Declarative User Interface
The declarative approach involves using XML to declare what the UI will look like, similar to creating a web page using HTML. You write tags and specify elements to appear on your screen. If you have ever handcoded an HTML page, you did pretty much the same work as creating an Android screen.
One advantage of the declarative approach is that you can use what-you-see-is-what-you-get (WYSIWYG) tools. Some of these tools ship with the Eclipse Android Development Tools (ADT) extension, and others come from third parties. Additionally, XML is fairly human-readable, and even people who are unfamiliar with the Android platform and framework can readily determine the intent of the user interface.
The disadvantage of a declarative UI approach is that you can get only so far with XML. XML is great for declaring the look and feel of your user interface, but it doesn’t provide a good way of handling user input. That’s where the programmatic approach comes in.
Programmatic User Interface
A programmatic user interface involves writing Java code to develop UI. If you have ever done any Java AWT or Java Swing development, Android is pretty much the same in that respect. It is similar to many UI toolkits in other languages as well.
Basically, if you want to create a button programmatically, you have to declare the button variable, create an instance of it, add it to a container and set any button properties that may make sense, such as color, text, text size, background, and so on. You probably also want to declare what the button does once it’s clicked, so that’s another piece of code. All in all, you end up writing quite a few lines of Java.
Everything you can do declaratively, you can also do programmatically. But Java also allows you to specify what happens when that button is actually clicked. This is the main advantage of a programmatic approach to the user interface.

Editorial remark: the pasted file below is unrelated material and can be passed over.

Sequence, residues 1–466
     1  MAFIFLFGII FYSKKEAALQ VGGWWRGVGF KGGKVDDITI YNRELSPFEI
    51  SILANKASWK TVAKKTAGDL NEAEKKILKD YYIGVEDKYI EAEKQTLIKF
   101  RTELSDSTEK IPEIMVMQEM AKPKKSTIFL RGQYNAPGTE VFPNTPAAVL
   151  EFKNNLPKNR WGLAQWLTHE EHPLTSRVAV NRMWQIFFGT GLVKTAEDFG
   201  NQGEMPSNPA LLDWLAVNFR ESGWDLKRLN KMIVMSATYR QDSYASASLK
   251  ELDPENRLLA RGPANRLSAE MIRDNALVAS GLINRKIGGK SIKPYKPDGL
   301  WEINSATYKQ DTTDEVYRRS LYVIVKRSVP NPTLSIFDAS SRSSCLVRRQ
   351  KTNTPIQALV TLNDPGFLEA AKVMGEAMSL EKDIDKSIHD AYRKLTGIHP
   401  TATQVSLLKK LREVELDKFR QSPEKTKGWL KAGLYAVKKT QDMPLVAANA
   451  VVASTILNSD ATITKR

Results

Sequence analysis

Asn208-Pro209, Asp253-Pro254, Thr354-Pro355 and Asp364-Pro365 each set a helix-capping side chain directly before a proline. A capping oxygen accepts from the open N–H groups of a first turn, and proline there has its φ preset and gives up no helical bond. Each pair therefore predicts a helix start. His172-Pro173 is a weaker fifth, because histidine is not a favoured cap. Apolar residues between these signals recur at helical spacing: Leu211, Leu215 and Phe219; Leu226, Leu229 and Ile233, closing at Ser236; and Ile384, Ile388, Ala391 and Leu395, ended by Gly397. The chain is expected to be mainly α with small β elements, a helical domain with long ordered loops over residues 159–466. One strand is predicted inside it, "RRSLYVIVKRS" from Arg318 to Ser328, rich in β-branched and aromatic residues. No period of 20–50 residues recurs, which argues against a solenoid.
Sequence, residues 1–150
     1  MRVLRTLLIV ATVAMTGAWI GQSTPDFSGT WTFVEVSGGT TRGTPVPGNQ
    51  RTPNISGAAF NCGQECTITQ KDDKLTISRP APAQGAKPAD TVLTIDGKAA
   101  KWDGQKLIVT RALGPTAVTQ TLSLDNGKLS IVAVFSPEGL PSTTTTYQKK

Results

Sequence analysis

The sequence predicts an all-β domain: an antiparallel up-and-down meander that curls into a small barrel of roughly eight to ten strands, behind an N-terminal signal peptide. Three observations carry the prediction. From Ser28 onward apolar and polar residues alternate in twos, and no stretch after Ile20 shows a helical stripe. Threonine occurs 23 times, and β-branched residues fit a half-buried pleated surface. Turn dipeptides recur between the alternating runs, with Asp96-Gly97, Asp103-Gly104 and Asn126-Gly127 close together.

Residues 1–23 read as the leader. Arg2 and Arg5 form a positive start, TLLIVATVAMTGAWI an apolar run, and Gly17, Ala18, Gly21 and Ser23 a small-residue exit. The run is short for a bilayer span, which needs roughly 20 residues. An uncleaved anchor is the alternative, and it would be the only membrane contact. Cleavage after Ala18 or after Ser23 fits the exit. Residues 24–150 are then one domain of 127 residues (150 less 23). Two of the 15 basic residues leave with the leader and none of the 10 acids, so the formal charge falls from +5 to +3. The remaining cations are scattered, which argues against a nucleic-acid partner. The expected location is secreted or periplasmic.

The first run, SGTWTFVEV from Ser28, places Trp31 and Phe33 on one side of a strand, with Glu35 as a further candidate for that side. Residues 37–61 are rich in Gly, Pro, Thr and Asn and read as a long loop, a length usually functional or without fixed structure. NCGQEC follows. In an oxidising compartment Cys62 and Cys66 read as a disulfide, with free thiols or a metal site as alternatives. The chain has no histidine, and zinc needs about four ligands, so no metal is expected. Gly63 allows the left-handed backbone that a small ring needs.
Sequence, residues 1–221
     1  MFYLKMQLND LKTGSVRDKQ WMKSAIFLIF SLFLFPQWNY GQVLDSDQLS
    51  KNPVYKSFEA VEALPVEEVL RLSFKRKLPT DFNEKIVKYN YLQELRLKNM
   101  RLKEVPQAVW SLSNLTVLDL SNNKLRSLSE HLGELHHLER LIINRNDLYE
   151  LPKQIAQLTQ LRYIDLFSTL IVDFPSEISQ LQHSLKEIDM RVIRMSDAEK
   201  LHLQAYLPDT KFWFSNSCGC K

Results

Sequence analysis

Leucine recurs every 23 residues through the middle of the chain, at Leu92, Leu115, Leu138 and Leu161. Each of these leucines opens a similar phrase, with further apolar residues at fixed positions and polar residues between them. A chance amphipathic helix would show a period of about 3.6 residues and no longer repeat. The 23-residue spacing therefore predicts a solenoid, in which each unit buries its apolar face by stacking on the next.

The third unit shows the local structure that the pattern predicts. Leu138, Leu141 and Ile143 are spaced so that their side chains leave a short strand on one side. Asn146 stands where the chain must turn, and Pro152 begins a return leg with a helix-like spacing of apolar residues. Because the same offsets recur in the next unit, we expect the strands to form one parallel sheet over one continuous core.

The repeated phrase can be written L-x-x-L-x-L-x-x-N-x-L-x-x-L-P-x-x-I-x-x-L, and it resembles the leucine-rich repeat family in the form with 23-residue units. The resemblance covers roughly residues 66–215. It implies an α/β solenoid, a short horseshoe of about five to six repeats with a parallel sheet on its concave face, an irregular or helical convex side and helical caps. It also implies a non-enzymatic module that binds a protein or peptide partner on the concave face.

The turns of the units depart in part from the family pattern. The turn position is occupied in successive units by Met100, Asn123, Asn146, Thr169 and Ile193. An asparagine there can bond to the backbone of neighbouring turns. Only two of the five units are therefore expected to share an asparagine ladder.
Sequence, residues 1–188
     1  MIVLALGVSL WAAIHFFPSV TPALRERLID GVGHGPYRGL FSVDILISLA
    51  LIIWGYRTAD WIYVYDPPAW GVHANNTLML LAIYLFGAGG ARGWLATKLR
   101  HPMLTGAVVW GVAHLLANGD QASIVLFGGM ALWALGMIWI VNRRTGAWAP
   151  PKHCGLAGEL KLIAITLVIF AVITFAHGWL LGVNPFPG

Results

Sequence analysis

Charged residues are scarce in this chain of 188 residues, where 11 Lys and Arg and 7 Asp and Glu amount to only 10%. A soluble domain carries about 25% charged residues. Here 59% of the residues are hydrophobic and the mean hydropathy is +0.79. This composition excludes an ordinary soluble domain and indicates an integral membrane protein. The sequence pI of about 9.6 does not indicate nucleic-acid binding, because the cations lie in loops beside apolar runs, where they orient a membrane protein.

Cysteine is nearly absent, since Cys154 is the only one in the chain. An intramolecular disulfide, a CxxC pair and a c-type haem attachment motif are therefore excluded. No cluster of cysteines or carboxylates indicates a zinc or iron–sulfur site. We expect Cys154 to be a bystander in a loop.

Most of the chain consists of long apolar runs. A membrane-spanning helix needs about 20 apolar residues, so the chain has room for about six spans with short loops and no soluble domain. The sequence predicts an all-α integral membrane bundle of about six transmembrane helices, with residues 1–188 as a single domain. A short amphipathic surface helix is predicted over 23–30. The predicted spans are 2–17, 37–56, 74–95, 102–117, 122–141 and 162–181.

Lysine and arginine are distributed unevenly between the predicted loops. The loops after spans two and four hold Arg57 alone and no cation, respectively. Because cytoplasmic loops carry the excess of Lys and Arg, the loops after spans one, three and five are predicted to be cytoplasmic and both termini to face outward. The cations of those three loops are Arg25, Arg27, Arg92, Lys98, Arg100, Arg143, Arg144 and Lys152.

The Best of Both Worlds
So which approach to use? The best practice is to use both. You would use a declarative (XML) approach to declare everything about the user interface that is static, such as the layout of the screen, all the widgets, etc. You would then switch to a programmatic (Java) approach to define what goes on when the user interacts with the various widgets in the user interface. In other words, you’d use XML to declare what the “button” looks like and Java to specify what it does.
Note: Note that there are two approaches to developing the actual user interface, but at the end of the day, all the XML is actually “inflated” into Java memory space as if you actually wrote Java code. So, it’s only Java code that runs.
Learn more about this topic from Learning Android.
If you're new to the Android mobile operating system, Learning Android is the perfect way to master the fundamentals. This gentle introduction shows you how to use Android's basic building blocks to develop user interfaces, store data, and more. You'll build an example application throughout the course of book, adding new features with each chapter. You'll also build your own toolbox of code patterns that will help you program any type of Android application with ease.